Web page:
In the Merced case, John utilized the following portions of Pennsylvania’s long-arm statute:
§ 5322. Bases of personal jurisdiction over persons outside this Commonwealth
(a) GENERAL RULE.– A tribunal of this Commonwealth may exercise personal jurisdiction over a person (or the personal representative of a deceased individual who would be subject to jurisdiction under this subsection if not deceased) who acts directly or by an agent, as to a cause of action or other matter arising from such person:
(1) Transacting any business in this Commonwealth. Without excluding other acts which may constitute transacting business in this Commonwealth, any of the following shall constitute transacting business for the purpose of this paragraph:
(ii) The doing of a single act in this Commonwealth for the purpose of thereby realizing pecuniary benefit or otherwise accomplishing an object with the intention of initiating a series of such acts.
(iii) The shipping of merchandise directly or indirectly into or through this Commonwealth.
(2) Contracting to supply services or things in this Commonwealth.
(4) Causing harm or tortious injury in this Commonwealth by an act or omission outside this Commonwealth.
(b) EXERCISE OF FULL CONSTITUTIONAL POWER OVER NONRESIDENTS. — In addition to the provisions of subsection (a) the jurisdiction of the tribunals of this Commonwealth shall extend to all persons who are not within the scope of section 5301 (relating to persons) to the fullest extent allowed under the Constitution of the United States and may be based on the most minimum contact with this Commonwealth allowed under the Constitution of the United States. 42 Pa.C.S.A. § 5322.
In addition to the long-arm statute, John also cited Pennsylvania law. Of note is case law that states that a foreign corporation “indirectly” ships merchandise into the Commonwealth, pursuant to section 5322(a)(1)(iii), when it “could reasonably foresee that its product would be sold . . . to outlets around the country, and that Pennsylvania would be one such market.” Testa v. Janssen, 482 F. Supp. 1195; 1980 U.S. Dist. LEXIS 9868 (citing Washington v. U. S. Suzuki Motor Corp., 257 Pa.Super. 482, 390 A.2d 1339, 1340 (1978)).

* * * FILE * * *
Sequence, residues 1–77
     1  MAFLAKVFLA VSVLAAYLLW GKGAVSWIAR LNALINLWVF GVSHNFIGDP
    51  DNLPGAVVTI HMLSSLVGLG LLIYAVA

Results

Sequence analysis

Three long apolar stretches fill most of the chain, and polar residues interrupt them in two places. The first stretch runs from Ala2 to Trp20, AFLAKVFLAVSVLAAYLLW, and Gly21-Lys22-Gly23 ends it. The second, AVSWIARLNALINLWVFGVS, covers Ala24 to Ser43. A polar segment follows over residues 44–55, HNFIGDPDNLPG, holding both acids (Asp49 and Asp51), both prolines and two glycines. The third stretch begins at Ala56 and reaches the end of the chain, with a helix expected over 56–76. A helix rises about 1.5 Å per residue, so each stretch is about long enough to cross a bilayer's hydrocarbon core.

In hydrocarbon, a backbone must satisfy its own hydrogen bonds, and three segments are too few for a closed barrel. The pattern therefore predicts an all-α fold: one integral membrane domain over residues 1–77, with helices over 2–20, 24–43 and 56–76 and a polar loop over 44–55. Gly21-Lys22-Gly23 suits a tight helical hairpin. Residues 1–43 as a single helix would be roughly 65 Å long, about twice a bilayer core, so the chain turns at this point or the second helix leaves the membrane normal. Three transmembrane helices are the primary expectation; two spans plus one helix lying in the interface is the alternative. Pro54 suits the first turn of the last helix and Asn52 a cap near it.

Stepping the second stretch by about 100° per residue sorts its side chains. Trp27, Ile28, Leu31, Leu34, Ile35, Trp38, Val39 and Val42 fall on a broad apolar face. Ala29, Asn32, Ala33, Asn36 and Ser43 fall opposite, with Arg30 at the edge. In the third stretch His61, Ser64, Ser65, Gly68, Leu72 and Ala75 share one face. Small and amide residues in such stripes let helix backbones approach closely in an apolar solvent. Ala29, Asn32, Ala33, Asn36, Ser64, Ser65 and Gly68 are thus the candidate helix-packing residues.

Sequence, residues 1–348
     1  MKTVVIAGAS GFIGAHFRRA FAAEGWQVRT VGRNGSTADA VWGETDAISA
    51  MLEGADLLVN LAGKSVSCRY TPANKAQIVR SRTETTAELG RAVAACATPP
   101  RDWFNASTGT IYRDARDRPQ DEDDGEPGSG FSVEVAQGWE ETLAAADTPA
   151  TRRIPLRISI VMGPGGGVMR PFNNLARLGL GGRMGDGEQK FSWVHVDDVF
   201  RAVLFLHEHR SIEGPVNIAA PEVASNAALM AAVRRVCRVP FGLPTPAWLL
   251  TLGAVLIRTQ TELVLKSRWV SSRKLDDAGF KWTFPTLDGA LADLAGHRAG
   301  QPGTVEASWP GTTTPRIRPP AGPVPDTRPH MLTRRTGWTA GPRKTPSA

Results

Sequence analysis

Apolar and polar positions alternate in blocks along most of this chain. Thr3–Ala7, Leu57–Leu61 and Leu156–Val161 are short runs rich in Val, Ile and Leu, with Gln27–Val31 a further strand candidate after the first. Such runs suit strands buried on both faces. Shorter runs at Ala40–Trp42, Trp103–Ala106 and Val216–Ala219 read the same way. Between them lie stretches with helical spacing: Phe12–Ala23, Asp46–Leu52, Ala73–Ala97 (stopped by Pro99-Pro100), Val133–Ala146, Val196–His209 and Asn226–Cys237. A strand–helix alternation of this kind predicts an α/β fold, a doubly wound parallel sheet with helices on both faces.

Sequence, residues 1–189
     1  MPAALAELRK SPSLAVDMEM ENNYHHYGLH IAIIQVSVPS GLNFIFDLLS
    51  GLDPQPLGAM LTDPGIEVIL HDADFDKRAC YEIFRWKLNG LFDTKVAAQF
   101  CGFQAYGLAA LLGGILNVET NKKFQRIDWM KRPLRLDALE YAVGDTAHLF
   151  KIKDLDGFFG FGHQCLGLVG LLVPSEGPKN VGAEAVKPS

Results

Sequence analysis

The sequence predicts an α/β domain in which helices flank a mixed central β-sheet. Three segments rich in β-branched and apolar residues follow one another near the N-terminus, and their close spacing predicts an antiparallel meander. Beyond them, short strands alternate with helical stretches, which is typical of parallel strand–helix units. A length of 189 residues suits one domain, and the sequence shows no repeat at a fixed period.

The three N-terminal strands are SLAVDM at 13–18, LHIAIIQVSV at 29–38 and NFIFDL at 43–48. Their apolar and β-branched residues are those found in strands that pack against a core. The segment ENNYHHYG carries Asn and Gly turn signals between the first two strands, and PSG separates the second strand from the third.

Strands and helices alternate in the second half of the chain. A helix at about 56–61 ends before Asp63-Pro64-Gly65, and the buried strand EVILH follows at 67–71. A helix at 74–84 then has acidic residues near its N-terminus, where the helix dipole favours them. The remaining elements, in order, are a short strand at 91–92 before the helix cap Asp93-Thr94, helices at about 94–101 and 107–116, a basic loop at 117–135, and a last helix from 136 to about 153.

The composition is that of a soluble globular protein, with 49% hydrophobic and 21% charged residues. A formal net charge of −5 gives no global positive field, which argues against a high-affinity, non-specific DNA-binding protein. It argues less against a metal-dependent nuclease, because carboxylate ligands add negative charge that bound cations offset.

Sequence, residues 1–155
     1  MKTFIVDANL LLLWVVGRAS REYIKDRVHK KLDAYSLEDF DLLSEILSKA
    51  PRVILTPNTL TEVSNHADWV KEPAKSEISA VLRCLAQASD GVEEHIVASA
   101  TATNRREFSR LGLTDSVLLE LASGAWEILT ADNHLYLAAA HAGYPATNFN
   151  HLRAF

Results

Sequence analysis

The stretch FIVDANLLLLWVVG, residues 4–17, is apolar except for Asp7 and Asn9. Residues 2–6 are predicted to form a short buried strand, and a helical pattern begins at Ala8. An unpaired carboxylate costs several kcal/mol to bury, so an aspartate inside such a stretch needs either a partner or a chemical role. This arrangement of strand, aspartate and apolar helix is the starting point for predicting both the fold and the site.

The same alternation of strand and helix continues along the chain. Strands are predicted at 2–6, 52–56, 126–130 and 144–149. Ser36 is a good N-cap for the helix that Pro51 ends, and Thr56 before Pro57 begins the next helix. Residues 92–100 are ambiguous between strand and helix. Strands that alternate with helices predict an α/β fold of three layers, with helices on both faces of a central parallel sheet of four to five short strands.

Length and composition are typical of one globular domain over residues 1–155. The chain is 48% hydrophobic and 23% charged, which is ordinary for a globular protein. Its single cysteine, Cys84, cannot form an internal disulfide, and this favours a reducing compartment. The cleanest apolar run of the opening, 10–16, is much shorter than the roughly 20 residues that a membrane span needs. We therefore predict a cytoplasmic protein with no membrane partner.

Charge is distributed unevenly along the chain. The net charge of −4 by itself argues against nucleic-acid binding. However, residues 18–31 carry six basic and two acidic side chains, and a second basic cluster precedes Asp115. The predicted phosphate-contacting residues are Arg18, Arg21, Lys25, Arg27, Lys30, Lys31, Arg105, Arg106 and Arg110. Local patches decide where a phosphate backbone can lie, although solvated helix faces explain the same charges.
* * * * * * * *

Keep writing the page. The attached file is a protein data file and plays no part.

Additionally, John cited the case of Stokes v. Industrial Shredding Systems, Inc., et al., 2005 U.S. Dist. LEXIS 173; CCH Prod. Liab. Rep. P17, 275. In this case, the Honorable Judge John P. Fullam, Sr. denied a foreign defendant’s motion to dismiss for lack of personal jurisdiction. In Stokes, a Pennsylvania resident was injured by a paper shredder manufactured by a Canadian corporation. The record showed that the Canadian defendant did not have a sales agent in Pennsylvania, did not market or advertise in Pennsylvania, did not sell anything in Pennsylvania and that the product is manufactured for the subject paper shredder was an unfinished component made for use in the product of another foreign company.
John noted that Judge Fullam denied the Canadian defendant’s motion to dismiss and justified personal jurisdiction over the defendant because of the language contained in 42 Pa.C.S.A. § 5322(a)(1)(iii). This portion of the long-arm statute grants personal jurisdiction over a defendant when that defendant has shipped merchandise, directly or indirectly, into the Commonwealth of Pennsylvania. John argued that Stokes was actually a more challenging case than Merced, in that the defendant in Stokes did not even ship merchandise to Pennsylvania until after the plaintiff, in that case, was injured. However, the Court reasoned in Stokes that the fact that the defendant shipped replacement parts for the shredder directly to the United States and that several parts were shipped directly to Pennsylvania demonstrated knowledge on the part of the foreign defendant that the shredder was in use in Pennsylvania. This knowledge constituted sufficient business activity to bring it within the reach of the Eastern District.
John adopted Judge Fullam’s reasoning that the defendant realized some economic benefit from the sale of its component part in Pennsylvania and could reasonably be expected to be haled into court in Pennsylvania in order to make a similar argument against Margraf.